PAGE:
Dave VoorhisLecturer, University of Derby, UK
Director, AACS Inc., Canada
Using a "back to basics" text-only page as an implicit protest against style over substance, a human I.T. professional presents a Web-based biography of itself, including information about (and samples of, where appropriate) its accomplishments, creations, habits, ideas and activities.
My name is Dave Voorhis. I write code in a variety of computer languages and one human language. These are my contributions to the world's largest vanity press -- the Web.
At present, these pages are read-only. Email me if you wish to comment, contribute, or correct.
In 1976, at the age of eleven, I wrote and hand-entered my first program on a COSMAC ELF, via toggle switches and (I think) a hex keypad. The program didn't do anything useful -- in fact, I recall it consisted of less than ten instructions -- but it started an obsession (read: addiction) with computing that has continued to this day.
While in high school in the late 70's and early 80's, I developed games and educational software, including animated geometry and physics tutorials for the Apple II and Commodore Pet. None of these were commercially distributed, but the tutorials were still in use at a local high school well into the 1990's.
In 1986, I attained a Bachelor's degree in Computer Science from Brandon University -- where I'd achieved dubious distinction (or at least the ire of Computer Services) for creating a bulletin board system that used a self-modifying TSO script to virally distribute itself (with human assistance) on the university's Amdahl mainframe.
A year after graduating, I founded Armchair Airlines Computer Services Inc. to develop custom software for small to medium size enterprises. In partnership with Richard Whidden, Bob Green, Clayton Wozney, Dave Shust and others, I helped evolve the company from its humble beginnings in a 15'x15' basement office to owning a storefront office building and a client list spanning North America.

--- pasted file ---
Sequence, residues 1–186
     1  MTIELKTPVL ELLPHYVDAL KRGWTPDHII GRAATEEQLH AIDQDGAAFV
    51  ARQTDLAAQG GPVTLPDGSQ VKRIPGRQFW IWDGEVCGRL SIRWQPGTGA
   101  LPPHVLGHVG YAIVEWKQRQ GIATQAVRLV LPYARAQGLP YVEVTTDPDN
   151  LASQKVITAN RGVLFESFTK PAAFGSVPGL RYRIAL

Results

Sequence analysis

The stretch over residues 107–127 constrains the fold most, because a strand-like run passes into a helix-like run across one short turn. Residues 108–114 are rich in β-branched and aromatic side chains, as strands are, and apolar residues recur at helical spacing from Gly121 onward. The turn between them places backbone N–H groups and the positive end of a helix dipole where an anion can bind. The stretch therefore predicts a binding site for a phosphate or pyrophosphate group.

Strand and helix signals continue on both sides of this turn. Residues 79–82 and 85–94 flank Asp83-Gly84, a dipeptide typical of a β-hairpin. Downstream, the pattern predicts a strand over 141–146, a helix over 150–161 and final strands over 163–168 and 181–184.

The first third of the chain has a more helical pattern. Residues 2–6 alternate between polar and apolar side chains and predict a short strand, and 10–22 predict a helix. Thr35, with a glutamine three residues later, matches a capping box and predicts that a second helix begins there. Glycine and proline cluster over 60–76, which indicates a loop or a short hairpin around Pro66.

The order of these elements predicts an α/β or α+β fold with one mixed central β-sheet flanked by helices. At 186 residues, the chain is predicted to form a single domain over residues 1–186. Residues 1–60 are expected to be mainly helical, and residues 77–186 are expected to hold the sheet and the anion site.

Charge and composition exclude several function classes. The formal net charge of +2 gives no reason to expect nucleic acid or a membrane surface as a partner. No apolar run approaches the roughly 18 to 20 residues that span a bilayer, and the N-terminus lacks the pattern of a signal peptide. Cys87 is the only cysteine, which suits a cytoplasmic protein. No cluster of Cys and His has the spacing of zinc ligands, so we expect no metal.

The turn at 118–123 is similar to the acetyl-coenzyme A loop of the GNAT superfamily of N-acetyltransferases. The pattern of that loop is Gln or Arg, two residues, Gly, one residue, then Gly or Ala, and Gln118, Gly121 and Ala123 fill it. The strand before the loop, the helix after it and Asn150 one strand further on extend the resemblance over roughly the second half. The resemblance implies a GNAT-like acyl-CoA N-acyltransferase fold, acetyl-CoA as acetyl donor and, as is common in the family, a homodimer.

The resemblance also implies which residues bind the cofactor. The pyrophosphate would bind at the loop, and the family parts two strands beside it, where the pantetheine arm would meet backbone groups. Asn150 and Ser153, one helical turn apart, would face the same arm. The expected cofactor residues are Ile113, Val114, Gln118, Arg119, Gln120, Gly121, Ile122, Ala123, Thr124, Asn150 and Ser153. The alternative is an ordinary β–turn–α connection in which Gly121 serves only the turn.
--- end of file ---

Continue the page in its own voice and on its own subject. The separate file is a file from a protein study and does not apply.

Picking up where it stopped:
Armchair Airlines Computer Services boasts a long history of successful maintenance contracts, network installations, and software development projects including computer-aided software engineering tools, employee scheduling systems, vehicle maintenance databases, accounting programs, inventory systems, research tools, education administration utilities, e-Commerce Web sites, and private Intranets.
As a part-time sessional lecturer at Brandon University, I taught Software Engineering, Information Systems and Databases modules and supervised student projects. I have also worked, at one time and country or another, as a research assistant, motorcycle salesman, mechanic's helper, and inbound telesales representative.
I am a co-author of the "Biz!" business simulation game (published as an adjunct to a business textbook), and several academic papers on systems analysis and development team selection methodologies.
In April 2003, I accepted a post as a lecturer in computing at the University of Derby, U.K.
In addition to my teaching responsibilities, I conduct applied research into facilitating the development and maintenance of vertical market and custom business applications, with particular interest in:
My hobbies include photography and more photography, motorcycling (I have a BMW K1100RS), old cars (more BMWs, a 525i, a 535i, and a 318i), vintage audio and electronic equipment, extemporaneous music composition and creative writing.
McMaster, G. E.; Voorhis, Dave. "Forms Based Analysis and Interview Method." Proceedings of the Western Decision Sciences Conference, San Francisco, California. 1995.
Anderson, C. W.; McMaster, G. E.; Voorhis, Dave. "The Formation and Management of Teams: A Proposed Quantitative Approach." Proceedings of the Western Decision Sciences Conference, Seattle, Washington. 1997.
Rel -- an open source true relational database, based on Date and Darwen's Tutorial D database language. http://dbappbuilder.sourceforge.net/Rel.html
Tomato -- an experimental visual programming language for the Java VM. http://tomatoide.sourceforge.net
Miscellaneous goodies: Here!
Using CRM114 and qmail to Filter Spam
No point in going here. This is an anti-address-harvester mechanism designed to mess up spamsters' Web harvesters.
Ok, maybe it's worth seeing just for the sheer mind-shattering surrealism of the thing.
Copyright © 1995 - 2012 Dave Voorhis. All Rights Reserved. Don't steal the images or I'll whap you with a blunt stick, legalwise of course...